WASHINGTON• It came together in about a week. First, the idea for a punchy, uplifting dance video that would tell a story about diversity, difference and communal support. Then, 170 dancers, a few hours of rehearsals - and pantsuits. Lots of pantsuits.
The result: the "Pantsuit Power" Flashmob For Hillary dance video, performed at New York's Union Square. It has received nearly two million views on Facebook in a matter of days.
The video, accompanied by Justin Timberlake's contagiously boppy disco-pop song Can't Stop The Feeling, was posted on Facebook and Vimeo this week by Humanity for Hillary, a social media campaign aimed at artists, in support of Democratic presidential candidate Hillary Clinton.
"I wanted to bring some kind of humanity to her campaign, because I think humanity and love and humour tend to get lost when we're in the heat of all of this," says Celia Rowlson-Hall, 32, a New York- based choreographer who has worked on HBO's Girls and other television shows and music videos.
She and her Washington, DC-based friend, hip-hop choreographer Crishon Landers, created the pantsuit dance, and she directed the video with her partner Mia Lidofsky, an independent film producer.
"We just felt the need to do something," Rowlson-Hall says. "We thought, how can we creatively impact this election? So we made the video."
There is nothing like dance to convey enthusiasm and energy, so it is a natural political tool. The fact that it is rarely used to rally voters is what makes this video feel so fresh. That and the clarity of the choreography, the invigorating spirit and skill of the video's massive chorus line, and the catchy tune.
She and Landers choreographed the flash mob scene in about four hours, she says, using simple, clear moves drawn from hip-hop, ballet and modern dance.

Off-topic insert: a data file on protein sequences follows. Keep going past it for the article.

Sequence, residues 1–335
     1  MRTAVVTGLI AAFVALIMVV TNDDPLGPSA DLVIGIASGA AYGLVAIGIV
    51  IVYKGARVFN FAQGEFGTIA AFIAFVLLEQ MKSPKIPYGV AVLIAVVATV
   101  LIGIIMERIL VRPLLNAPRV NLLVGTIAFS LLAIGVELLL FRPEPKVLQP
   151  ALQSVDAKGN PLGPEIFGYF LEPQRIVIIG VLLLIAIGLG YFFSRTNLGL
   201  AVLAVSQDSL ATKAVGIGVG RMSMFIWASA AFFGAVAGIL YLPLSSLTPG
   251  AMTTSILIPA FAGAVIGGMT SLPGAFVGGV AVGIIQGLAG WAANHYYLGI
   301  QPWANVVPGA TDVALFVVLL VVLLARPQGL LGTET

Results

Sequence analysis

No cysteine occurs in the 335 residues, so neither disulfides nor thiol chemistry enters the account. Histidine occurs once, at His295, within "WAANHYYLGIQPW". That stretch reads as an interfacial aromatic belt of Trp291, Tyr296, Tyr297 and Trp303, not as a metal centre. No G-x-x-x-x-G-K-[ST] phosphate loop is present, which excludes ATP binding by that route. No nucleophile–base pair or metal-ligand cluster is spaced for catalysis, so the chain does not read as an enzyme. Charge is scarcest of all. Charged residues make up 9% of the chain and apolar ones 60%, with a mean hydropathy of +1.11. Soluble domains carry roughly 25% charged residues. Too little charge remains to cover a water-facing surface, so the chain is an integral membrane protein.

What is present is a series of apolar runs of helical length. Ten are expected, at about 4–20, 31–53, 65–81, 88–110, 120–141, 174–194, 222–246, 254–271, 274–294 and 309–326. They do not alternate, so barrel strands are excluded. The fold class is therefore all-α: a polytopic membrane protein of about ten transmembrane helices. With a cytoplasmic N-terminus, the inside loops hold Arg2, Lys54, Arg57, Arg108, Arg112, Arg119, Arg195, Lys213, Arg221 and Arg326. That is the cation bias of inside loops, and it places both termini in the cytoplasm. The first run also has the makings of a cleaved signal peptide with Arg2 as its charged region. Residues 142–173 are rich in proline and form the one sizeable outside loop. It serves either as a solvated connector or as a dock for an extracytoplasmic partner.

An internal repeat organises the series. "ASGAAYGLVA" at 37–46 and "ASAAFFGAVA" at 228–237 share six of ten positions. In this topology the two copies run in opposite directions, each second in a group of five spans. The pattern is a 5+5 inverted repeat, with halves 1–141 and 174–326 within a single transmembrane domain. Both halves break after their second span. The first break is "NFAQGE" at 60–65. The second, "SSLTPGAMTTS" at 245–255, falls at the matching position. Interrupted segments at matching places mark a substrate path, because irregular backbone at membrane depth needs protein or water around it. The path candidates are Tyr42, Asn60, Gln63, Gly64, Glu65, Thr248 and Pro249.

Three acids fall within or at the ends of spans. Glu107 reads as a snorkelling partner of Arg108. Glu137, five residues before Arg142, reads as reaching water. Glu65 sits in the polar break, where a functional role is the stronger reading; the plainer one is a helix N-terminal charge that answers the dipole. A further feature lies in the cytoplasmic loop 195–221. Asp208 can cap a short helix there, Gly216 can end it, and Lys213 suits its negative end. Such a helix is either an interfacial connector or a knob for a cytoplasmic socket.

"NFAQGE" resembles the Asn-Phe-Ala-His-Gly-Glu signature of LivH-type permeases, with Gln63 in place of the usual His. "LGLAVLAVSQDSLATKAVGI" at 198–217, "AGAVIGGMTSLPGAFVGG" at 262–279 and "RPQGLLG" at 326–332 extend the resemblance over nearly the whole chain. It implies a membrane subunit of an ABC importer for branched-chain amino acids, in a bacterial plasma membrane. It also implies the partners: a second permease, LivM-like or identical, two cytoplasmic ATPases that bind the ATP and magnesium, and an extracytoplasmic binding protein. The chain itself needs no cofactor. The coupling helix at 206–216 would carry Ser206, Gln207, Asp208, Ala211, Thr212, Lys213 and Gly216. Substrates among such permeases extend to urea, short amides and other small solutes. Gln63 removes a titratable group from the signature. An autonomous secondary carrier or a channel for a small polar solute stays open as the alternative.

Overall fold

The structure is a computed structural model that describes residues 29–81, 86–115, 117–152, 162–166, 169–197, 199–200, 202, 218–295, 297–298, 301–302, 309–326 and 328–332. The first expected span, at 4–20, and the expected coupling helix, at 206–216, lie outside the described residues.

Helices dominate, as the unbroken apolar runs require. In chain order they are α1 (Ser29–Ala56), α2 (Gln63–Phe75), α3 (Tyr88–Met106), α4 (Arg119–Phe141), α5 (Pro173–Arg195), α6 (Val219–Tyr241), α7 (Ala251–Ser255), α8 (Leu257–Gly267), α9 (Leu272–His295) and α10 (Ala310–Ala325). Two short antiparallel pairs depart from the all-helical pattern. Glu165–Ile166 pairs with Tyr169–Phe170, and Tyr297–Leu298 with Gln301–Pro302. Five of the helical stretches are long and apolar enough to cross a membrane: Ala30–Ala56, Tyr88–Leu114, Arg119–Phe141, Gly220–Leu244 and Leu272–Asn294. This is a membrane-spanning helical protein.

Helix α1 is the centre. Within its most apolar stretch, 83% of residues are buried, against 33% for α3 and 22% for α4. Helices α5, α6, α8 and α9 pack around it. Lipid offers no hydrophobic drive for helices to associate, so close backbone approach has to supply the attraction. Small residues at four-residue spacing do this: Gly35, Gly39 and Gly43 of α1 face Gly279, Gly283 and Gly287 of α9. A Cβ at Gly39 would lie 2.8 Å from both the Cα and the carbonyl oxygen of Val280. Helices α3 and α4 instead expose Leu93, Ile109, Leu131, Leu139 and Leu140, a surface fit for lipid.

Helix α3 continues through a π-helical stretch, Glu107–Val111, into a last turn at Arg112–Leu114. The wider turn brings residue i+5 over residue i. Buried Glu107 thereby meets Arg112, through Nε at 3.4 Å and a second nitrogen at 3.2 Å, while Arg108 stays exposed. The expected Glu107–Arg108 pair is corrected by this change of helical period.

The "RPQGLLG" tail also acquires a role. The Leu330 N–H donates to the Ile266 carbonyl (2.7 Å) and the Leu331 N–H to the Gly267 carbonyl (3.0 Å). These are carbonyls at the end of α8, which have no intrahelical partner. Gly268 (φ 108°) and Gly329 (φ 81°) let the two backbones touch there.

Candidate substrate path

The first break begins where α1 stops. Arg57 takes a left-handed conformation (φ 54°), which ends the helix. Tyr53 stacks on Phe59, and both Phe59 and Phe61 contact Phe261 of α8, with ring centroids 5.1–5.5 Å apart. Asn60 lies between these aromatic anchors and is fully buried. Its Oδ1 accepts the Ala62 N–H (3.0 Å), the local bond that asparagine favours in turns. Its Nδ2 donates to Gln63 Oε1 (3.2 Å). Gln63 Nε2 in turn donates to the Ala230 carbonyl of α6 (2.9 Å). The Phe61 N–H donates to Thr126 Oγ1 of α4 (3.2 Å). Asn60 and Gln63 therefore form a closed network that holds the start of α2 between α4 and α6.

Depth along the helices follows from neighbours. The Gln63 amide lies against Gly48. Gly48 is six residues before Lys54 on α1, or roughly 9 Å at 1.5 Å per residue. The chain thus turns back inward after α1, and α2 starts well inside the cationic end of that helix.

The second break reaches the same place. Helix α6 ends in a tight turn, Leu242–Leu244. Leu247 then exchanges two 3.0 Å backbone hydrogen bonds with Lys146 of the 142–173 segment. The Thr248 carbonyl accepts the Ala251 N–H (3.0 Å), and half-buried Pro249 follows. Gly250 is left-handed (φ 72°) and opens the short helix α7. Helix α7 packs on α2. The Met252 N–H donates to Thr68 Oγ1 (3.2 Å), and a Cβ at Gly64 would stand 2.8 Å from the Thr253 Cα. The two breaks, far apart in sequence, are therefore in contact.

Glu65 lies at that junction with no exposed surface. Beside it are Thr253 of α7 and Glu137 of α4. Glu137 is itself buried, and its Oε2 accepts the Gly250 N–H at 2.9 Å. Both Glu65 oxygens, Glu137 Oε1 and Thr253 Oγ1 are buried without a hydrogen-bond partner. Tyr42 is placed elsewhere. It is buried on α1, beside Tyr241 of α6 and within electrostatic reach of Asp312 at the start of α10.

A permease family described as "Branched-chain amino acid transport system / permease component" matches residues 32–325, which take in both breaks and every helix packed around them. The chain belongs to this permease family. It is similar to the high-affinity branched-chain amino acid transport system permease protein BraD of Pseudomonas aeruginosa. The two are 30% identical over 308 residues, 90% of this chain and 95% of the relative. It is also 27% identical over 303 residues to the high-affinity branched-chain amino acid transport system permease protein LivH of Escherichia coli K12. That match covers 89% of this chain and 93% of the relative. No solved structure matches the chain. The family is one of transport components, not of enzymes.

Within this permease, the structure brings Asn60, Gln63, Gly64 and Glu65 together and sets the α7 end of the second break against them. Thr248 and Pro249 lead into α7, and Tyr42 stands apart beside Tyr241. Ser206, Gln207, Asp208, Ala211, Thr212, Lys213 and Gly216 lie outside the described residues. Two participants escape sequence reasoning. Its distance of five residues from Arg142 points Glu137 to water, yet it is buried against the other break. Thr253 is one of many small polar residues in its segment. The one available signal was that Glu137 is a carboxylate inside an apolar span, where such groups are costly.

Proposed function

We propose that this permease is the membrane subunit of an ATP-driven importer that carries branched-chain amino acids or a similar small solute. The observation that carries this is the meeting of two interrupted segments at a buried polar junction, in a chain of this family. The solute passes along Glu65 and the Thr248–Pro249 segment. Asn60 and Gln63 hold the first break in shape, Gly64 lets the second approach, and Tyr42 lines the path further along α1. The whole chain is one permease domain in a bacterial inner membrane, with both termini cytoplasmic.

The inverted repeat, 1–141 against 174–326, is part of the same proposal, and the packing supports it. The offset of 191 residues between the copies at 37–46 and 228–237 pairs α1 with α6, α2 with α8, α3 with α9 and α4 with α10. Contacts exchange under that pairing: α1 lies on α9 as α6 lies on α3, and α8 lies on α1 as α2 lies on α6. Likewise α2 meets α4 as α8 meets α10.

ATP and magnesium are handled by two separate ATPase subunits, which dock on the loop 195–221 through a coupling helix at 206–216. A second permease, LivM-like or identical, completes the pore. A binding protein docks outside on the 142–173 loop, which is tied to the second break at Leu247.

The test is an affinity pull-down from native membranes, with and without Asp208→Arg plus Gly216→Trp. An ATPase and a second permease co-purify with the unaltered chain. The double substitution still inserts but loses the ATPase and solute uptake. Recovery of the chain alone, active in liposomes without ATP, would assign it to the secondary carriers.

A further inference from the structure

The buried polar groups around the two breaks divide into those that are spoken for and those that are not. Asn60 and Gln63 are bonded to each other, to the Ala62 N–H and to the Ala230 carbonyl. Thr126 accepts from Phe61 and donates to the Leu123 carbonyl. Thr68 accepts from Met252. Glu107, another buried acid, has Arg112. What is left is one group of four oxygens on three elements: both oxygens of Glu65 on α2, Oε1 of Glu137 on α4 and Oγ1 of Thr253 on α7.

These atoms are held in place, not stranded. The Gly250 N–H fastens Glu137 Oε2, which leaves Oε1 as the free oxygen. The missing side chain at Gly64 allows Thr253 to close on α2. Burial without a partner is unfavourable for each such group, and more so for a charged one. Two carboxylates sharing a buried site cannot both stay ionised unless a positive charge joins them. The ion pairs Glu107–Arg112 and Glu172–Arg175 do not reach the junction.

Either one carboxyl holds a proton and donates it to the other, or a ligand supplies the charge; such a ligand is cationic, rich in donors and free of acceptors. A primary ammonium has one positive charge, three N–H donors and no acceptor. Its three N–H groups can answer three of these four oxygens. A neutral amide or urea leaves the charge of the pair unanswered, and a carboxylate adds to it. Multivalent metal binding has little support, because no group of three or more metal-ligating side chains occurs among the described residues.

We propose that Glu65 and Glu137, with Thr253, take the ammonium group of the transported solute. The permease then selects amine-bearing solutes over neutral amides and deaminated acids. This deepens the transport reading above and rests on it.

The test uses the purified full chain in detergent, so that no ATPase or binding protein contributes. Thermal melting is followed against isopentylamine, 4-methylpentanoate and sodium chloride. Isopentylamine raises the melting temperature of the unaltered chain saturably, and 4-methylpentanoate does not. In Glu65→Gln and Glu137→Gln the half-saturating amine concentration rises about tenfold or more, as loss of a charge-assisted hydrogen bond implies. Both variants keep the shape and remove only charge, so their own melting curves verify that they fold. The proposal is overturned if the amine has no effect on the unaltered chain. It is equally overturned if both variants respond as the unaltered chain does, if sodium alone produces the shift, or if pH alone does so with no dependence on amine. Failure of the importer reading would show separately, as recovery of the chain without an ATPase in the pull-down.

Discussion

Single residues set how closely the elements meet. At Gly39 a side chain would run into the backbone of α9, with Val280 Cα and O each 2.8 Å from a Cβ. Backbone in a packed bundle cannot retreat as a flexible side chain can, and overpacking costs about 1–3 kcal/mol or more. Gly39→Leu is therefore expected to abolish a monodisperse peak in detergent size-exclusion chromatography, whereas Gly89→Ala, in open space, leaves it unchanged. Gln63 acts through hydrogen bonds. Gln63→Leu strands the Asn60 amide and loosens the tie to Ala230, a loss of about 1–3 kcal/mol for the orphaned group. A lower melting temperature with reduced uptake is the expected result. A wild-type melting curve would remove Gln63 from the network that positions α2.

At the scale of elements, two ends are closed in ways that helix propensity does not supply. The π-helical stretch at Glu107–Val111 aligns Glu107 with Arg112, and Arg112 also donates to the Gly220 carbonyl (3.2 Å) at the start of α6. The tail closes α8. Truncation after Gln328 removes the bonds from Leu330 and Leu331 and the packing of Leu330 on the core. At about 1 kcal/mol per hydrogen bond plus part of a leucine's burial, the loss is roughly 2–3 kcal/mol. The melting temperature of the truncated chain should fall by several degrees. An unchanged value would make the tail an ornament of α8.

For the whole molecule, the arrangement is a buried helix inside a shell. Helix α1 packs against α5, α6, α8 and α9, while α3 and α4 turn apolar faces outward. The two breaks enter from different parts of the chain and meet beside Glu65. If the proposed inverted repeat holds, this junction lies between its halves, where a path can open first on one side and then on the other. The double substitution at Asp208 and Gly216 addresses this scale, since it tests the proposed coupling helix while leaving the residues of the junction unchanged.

Each bears a message: Raised fists signify #BlackLivesMatter, arms and faces tilted to the sky hint at solar energy, circling hips symbolise reproductive rights. Others stand with a hand on their hearts. "This is our right as a democracy to protest or honour the flag as we see fit," says Rowlson-Hall.
She put the word out on Instagram and Facebook seeking dancers. She videotaped herself dancing the steps and texted it to the dancers who replied. Many are professionals. A few came from Broadway's Fiddler On The Roof and the Martha Graham Dance Company. Some came from as far away as Toronto. Assorted "dance enthusiasts" joined in - dentists, other artists and little girls fresh from soccer practice.
They had a few days to learn the moves on their own, then they met in small groups for one-hour sessions with the choreographers. That was when they were fitted for their pantsuits, an homage to Ms Clinton's workwear. A few suits were donated by Topshop. Stylists scoured thrift stores for the rest.
Near the end, you can glimpse the slender, short-haired Rowlson-Hall grooving in a pinstriped suit, her T-shirt emblazoned with "The Future is Female".
For all the ebullient energy of the dancing, the video produced some headaches. The directors did not have a permit to use Union Square for their shoot. "We were terrified we'd get shut down by the cops," says Lidofsky.
They also feared pushback from Timberlake. They reached out to his manager about using his song, she adds, but with no reply, they ploughed ahead, hoping he would not mind. (No word from him yet.)
The only time the whole group rehearsed together was 20 minutes before the taping on Oct 2. "The dancers came knowing the choreography to a T. I've never seen dancers work like that," says Rowlson-Hall. "It was a whirlwind."
So far, Ms Clinton has been silent about the pantsuit dance. "But we're refreshing our e-mail every single minute," says Lidofsky with a laugh. "We really hope she saw this and felt the love."